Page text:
Bio-fuel crops: no gains for 3rd World
Increase in global demand for bio-fuels has pushed up
the prices of agriculture commodities. But the farmers in the developing
countries have not gained much, according to UNCTAD report.
The UNCTAD's trade and development report-2007 has said that
strong demand for bio-fuels was in response not only to high crude petroleum
prices but also to the growing concerns about global climate
Global prices of sugar, corn and vegetable oils, in particular,
shot up as these are used for production of bio-diesel. In 2006 sugar prices
increased by 49.4%, maize prices by 24.4% and that of palm oil by
The UNCTAD report has raised concerns over the competing use of
land for production of food, animal feedstock and bio-fuels.
Corn cultivation in US for bio-fuel production has
displaced soybean cultivation. The soybean prices rose sharply in mid-2006.
The situation, in turn led to higher prices for animal feedstock and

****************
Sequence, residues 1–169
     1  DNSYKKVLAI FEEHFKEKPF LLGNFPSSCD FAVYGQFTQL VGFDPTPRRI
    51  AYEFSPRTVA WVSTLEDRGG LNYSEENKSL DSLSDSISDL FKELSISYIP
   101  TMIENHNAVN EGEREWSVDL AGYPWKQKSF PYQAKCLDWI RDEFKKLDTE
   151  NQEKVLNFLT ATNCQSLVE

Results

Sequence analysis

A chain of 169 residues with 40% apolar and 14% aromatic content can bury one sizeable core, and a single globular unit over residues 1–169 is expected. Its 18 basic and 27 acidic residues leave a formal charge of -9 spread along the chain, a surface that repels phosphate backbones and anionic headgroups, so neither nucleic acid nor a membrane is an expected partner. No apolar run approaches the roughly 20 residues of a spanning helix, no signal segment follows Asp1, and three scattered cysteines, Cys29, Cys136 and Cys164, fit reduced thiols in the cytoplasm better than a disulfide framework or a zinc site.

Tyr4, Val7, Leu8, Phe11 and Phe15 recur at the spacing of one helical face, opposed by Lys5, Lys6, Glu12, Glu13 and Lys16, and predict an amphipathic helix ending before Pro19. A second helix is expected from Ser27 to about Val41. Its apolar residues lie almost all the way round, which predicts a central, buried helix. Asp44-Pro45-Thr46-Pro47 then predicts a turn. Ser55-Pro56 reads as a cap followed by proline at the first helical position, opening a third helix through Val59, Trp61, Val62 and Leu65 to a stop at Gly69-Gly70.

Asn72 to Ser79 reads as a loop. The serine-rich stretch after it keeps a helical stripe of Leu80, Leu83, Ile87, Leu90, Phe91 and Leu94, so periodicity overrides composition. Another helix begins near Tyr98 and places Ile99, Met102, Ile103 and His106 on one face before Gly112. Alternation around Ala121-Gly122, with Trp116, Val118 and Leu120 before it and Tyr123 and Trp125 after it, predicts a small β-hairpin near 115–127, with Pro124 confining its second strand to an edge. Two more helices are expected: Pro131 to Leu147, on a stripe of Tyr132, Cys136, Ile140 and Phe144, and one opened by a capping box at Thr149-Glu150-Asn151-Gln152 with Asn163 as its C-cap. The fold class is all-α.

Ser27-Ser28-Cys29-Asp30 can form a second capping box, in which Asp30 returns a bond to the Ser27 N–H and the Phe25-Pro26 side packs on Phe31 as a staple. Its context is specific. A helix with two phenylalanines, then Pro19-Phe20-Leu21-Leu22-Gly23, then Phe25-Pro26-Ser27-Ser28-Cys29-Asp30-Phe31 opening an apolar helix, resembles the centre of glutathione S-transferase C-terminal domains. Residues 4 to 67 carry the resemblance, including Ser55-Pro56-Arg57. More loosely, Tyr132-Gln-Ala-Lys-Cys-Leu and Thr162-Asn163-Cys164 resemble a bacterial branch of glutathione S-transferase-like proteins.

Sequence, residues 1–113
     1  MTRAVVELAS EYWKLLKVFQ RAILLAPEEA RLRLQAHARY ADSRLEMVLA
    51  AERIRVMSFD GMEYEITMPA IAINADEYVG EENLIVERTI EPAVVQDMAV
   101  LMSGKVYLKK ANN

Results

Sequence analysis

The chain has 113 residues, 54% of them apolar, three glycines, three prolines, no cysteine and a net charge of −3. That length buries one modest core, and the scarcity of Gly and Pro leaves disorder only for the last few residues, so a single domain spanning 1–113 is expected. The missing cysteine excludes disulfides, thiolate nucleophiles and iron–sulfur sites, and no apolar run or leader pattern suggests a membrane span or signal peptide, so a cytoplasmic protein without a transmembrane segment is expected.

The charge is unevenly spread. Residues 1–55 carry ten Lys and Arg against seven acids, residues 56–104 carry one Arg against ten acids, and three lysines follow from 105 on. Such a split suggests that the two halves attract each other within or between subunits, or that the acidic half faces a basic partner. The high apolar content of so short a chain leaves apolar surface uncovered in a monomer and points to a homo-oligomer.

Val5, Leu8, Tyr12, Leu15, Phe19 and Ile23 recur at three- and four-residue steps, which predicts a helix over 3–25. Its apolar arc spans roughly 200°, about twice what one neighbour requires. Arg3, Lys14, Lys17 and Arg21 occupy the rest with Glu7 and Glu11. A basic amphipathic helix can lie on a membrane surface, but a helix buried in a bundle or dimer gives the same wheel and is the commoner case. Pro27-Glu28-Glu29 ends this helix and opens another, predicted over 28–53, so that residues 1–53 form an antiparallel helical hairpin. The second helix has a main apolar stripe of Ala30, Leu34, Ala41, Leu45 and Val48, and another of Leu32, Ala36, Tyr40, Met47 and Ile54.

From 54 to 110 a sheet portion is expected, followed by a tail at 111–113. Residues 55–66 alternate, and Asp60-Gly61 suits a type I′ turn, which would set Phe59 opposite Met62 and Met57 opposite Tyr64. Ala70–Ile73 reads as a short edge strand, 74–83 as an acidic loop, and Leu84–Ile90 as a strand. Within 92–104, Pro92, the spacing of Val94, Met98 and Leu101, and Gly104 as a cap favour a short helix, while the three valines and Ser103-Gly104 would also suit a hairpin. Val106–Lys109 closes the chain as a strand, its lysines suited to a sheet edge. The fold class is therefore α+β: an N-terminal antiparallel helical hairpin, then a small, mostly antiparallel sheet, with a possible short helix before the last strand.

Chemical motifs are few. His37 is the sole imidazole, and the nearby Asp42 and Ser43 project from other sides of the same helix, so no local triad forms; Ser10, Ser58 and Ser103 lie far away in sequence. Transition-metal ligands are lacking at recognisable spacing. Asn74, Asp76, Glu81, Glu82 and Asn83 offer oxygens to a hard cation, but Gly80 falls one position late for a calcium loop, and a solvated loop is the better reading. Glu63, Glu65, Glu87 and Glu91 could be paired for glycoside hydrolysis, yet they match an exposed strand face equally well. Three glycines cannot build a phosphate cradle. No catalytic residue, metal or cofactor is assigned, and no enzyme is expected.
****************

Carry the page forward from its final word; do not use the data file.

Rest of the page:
meat. The higher food prices can have dramatic consequences for food-importing
developing countries, the report said.
The report also raised concerns
that bio-fuel crop cultivation may cause deforestation, water scarcity and
It, however, suggested that a possible solution may
be the extraction of bio-oil from tropical plants like Jatropha, which can be grown on "degraded" lands and
therefore not compete with food crops.
Oil importers are
Analysing the terms of trade, the report said that in 2006
there was significant gains for oil and mineral exporting countries.
vulnerable have been the oil-importing countries which export few primary
commodities. East Asia, South Asia and Africa suffered deterioration in the
terms of trade.
FAO has said that the global cereal prices will remain
high despite the record world cereal production. The International Grains
Council in August 23, 2007 had said that grains prices shot up due to increase
in wheat prices by $ 20 to $ 35 a tonne.
Sharp increase in ocean freight
rates further lifted the landed costs for importers. Global wheat output is
estimated to be 607 million tonne, about 16 million tonne higher than in 2006.
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